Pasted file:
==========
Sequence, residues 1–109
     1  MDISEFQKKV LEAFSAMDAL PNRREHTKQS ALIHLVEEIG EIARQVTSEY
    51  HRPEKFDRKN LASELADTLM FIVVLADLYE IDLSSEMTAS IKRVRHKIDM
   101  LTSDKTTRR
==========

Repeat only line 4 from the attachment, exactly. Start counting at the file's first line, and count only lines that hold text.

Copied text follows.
   101  LTSDKTTRR